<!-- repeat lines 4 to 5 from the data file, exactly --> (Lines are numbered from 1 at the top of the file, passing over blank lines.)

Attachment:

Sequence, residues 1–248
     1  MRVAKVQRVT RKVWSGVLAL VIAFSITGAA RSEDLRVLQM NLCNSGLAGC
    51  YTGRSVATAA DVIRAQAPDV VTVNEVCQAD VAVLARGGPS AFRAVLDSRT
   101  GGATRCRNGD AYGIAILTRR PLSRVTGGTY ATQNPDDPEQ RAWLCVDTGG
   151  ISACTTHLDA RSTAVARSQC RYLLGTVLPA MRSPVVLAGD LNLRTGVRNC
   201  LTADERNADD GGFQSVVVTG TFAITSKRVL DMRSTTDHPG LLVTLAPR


   101  GGATRCRNGD AYGIAILTRR PLSRVTGGTY ATQNPDDPEQ RAWLCVDTGG
   151  ISACTTHLDA RSTAVARSQC RYLLGTVLPA MRSPVVLAGD LNLRTGVRNC